Kodak files for bankruptcy, secures $950 million lifeline

“Eastman Kodak Co, which invented the hand-held camera and helped bring the world the first pictures from the moon, has filed for bankruptcy protection, capping a prolonged plunge for one of America’s best-known companies,” Nick Brown, Caroline Humer and Jonathan Stempel report for Reuters.

“The more than 130-year-old photographic film pioneer, which had tried to restructure to become a seller of consumer products like cameras, said it had also obtained a $950 million, 18-month credit facility from Citigroup to keep it going,” Brown, Humor, and Stempel report. “The loan and bankruptcy protection from U.S. trade creditors may give Kodak the time it needs to find buyers for some of its 1,100 digital patents, the key to its remaining value, and to reshape its business while continuing to pay its 17,000 workers.”

Brown, Humor, and Stempel report, “Kodak once dominated its industry and its film was the subject of a popular Paul Simon song, but it failed to embrace more modern technologies quickly enough, such as the digital camera — ironically, a product it even invented. Its downfall hit its Rust Belt hometown of Rochester, New York, with employment there falling to about 7,000 from more than 60,000 in Kodak’s heyday. Its market value has sunk to below $150 million from $31 billion 15 years ago.”

“In its bankruptcy, Kodak could try to restructure its debts, or perhaps sell all or some of its assets, including the patent portfolio and various businesses. It is unclear how Kodak will address its pension obligations, many of which were built up decades ago when U.S. manufacturers offered more generous retirement and medical benefits than they do now. Many retirees hail from Britain where Kodak has been manufacturing since 1891,” Brown, Humor, and Stempel report. “The company had promised to inject $800 million over the next decade into its UK pension fund. It now remains unclear how that country’s pension regulator might seek to preserve some or all of the company’s obligations to British pensioners.”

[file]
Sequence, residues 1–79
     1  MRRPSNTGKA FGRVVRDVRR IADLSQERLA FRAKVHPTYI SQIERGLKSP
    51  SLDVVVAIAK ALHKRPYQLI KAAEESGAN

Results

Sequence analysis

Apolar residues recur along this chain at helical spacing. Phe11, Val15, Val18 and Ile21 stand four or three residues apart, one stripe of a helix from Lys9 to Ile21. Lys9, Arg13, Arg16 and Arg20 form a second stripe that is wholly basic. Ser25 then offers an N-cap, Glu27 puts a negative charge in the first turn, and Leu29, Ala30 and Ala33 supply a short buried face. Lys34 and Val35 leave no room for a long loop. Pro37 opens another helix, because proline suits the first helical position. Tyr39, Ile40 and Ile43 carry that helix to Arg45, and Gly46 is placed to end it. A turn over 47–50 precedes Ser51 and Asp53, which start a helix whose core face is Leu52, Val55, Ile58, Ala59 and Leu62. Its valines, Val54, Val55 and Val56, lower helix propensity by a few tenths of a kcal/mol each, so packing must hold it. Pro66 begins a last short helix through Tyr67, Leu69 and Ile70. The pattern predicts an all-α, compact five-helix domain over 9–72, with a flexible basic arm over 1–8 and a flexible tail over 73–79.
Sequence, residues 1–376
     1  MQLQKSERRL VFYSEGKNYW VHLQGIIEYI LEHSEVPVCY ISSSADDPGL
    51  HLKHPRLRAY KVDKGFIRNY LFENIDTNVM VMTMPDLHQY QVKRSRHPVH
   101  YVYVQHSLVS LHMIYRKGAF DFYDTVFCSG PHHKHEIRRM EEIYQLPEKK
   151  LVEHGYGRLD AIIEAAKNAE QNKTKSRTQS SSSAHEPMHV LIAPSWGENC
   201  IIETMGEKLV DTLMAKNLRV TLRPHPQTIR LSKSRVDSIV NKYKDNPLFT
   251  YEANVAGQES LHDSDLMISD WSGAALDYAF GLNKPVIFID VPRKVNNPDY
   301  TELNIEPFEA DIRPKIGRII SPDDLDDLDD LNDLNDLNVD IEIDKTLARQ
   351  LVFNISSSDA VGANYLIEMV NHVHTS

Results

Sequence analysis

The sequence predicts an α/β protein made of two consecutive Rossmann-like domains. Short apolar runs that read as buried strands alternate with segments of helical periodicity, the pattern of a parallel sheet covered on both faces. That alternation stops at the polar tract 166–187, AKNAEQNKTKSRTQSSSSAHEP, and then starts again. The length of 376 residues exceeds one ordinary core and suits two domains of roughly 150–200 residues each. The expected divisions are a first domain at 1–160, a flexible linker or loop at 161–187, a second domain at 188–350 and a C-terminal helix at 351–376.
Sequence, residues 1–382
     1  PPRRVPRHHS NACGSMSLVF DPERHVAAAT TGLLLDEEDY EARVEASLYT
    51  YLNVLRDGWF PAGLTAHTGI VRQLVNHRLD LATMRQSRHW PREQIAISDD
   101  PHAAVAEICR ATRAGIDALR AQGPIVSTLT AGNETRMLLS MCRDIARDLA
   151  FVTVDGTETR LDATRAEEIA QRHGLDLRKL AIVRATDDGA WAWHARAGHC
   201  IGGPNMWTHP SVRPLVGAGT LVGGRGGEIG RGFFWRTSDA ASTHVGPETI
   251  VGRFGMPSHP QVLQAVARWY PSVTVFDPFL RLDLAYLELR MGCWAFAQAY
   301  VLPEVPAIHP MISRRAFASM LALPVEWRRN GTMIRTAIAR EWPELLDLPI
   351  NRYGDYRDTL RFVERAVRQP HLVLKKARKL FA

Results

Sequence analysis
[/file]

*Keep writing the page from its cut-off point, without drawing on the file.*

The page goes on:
Read more in the full article here.


      1. Less than a dollar a year? I doubt it.

        Unless you’re referring to Jobs’ stock options. In that case, yeah, I’m sure Kodak stock options aren’t worth much.


  1. You mean the dinosaur company that makes the crappiest paper and mediocre film company in the world is going bankrupt? What a surprise. What karma, Kodak’s Edison style business tactics of buying and burying their competition while pushing lesser quality films and papers is finally come around to bite them in them ass.

    If Kodak would actually produce something new since the 70’s instead of patent trolling maybe they would survived the digital revolution.

  2. This is a “Kodak Moment” for sure. It’s sad that the executive leadership of Kodak failed to reinvent themselves in a timely manner.

    Arrogance killed Kodak.

    My last Kodak camera was the Apple QuickTake. I bought two of them for little more than a thousand dollars. I have one left.

    Oh well, the company lasted for more than 125-years. That’s what I call staying power. Apple would be as lucky to last as long.

  3. Apple should have bankrolled that Kodak loan at favorable rates in return for some ownership (control over distribution of patents) and a provision that would increase Apple ownership in the event that it goes under.

    That’s what I would have done, if I had $81B and wanted a cost effective way of controlling patent risk.

Reader Feedback

This site uses Akismet to reduce spam. Learn how your comment data is processed.